How to throw a yard sale when you’re an apartment dweller

How to throw a yard sale when you’re an apartment dweller

For someone who hates accumulating stuff, I sure have a lot of it. There's the skirt suit that I haven't worn in four years, for example. Or the ALF lunchbox that I just can't part with. Oh, and my indispensable collection of PEZ dispensers.

I could go on, but this is a money blog, not a humble brag about all the cool toys I have.

At any rate, lots of this stuff has got to go, and the good news is: it's yard sale season! The bad news is: I don't have a yard.

So what's an apartment dweller to do in order to get rid of some old speakers and a decent coat that hasn't been worn since 2008? I have a few options.

Take It to the Streets

When I lived in Hollywood, it was common to see my street overwhelmed with yard sales every Saturday morning. It was an apartment-lined street, and tenants in the process of moving out would often dump their stuff on the sidewalk and sell it.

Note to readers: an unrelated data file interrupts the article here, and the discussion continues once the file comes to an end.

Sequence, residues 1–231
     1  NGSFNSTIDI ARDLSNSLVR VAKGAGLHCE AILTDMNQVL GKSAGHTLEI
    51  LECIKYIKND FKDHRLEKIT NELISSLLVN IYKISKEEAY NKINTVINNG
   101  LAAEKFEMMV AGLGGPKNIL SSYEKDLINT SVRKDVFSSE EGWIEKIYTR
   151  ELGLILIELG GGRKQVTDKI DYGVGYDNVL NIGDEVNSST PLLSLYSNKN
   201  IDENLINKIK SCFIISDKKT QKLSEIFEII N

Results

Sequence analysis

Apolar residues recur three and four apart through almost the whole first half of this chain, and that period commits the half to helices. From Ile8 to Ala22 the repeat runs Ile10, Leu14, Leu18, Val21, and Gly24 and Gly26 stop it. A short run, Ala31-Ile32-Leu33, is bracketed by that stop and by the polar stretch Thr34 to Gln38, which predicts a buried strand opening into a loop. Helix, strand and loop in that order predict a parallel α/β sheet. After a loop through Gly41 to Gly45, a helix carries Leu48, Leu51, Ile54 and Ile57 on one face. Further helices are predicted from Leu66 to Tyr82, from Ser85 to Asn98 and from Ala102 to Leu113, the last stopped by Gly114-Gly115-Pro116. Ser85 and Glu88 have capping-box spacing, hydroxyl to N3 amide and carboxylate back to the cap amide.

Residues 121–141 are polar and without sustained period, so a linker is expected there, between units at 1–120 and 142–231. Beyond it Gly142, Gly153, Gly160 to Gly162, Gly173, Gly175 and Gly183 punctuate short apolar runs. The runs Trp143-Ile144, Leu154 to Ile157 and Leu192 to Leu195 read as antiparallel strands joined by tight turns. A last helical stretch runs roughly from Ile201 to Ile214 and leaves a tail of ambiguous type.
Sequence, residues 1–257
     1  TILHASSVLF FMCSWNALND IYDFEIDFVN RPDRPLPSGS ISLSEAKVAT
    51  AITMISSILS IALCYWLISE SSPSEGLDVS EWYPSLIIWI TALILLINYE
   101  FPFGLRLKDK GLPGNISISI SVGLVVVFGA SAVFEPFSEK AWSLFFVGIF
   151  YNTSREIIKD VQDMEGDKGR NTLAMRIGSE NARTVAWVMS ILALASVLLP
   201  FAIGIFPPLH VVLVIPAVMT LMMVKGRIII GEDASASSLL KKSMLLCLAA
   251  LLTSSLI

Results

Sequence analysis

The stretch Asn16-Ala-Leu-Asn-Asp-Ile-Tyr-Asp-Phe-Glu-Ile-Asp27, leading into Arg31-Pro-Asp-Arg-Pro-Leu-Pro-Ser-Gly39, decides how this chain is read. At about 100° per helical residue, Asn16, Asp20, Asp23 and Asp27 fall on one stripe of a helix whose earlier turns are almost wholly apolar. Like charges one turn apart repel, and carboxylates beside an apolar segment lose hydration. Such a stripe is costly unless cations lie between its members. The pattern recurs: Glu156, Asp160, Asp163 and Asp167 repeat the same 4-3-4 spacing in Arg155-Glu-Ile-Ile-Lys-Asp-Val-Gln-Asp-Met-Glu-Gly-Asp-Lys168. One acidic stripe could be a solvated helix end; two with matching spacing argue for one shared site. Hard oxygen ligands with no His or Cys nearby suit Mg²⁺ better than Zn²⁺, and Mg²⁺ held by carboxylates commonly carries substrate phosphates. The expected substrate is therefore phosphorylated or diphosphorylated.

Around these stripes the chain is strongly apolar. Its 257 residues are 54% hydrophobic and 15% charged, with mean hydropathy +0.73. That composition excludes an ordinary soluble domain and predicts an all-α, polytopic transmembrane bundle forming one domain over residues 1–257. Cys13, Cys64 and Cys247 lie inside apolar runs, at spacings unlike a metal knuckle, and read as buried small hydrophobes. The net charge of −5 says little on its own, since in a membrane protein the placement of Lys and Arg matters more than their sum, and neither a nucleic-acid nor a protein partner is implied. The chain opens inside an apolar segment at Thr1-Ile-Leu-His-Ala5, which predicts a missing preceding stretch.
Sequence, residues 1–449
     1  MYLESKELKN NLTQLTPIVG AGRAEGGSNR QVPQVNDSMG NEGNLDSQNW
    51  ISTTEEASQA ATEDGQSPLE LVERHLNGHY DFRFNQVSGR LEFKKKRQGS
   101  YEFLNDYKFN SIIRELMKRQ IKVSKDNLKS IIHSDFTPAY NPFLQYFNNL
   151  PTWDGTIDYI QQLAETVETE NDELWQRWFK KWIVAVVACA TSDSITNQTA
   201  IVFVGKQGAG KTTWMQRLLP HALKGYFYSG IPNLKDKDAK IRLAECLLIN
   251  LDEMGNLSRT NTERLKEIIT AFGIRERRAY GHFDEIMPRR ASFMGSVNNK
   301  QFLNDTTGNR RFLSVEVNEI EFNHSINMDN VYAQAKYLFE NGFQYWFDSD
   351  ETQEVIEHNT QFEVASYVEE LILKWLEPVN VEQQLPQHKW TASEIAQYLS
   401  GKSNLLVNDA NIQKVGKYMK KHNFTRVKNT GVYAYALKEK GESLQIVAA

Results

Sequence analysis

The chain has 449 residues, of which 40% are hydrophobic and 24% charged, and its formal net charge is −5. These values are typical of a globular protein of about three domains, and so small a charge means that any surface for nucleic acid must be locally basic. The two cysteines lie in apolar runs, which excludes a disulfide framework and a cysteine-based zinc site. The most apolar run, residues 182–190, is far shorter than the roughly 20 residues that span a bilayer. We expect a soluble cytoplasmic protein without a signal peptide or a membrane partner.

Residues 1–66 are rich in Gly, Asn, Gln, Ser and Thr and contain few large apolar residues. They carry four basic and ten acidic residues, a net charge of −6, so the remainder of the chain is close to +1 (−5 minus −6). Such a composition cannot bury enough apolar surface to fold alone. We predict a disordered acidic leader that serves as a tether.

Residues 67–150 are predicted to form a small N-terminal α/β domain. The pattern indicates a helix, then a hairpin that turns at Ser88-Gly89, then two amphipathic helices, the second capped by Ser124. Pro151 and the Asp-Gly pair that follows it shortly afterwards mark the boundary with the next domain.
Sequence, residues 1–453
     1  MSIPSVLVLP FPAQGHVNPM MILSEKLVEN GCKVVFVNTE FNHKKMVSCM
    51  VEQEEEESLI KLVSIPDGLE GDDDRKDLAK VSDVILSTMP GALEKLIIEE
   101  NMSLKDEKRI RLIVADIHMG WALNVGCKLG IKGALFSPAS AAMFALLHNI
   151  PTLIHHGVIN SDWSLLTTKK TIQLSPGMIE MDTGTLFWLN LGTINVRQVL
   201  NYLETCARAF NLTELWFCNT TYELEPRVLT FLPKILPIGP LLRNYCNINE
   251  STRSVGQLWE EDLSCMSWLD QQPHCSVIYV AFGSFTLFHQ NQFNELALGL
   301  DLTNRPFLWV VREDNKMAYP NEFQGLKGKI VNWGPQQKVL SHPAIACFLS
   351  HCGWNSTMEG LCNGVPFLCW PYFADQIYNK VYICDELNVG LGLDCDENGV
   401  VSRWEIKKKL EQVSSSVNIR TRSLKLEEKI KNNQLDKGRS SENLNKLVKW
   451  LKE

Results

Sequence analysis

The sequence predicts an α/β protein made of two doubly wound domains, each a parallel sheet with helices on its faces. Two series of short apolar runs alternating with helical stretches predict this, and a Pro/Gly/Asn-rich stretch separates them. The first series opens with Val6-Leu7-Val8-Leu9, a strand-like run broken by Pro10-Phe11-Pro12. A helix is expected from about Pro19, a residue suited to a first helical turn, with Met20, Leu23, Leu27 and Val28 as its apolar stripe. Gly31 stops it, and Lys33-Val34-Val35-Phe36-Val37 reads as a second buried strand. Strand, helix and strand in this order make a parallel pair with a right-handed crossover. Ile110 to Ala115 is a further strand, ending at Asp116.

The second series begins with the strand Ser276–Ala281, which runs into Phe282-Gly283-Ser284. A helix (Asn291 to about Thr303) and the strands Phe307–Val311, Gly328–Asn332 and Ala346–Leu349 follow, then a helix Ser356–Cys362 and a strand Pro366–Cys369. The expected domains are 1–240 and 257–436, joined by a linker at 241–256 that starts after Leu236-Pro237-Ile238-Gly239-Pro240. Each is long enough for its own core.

But before assuming I can set up camp on the busy street in front of my apartment, I should check on a couple of things. First, is this permitted? I mean, even aside from acquiring a yard sale permit, which you should definitely look into, are you allowed to just sell stuff on the sidewalk? One Yahoo! writer had some simple, but good, advice:

“If you have noticed people selling things on a specific corner in your town or city, contact the town or city hall for advice. They will let you know where you can have a yard sale, especially if your apartment complex will not allow it. In any case, do not attempt to publicly sell anything without a permit, even on private property.”

Secondly, even if you are permitted to have a yard sale in front of your complex, you should probably check with your apartment manager to make sure it's okay.

Take It to the Internet

If you have a few valuable things you want to get rid of, sites like eBay, Amazon and Craigslist are great old standbys. I've also sold and swapped furniture via Facebook status updates — it's easier and you don't have to deal with crazies, flakes or Paypal fees.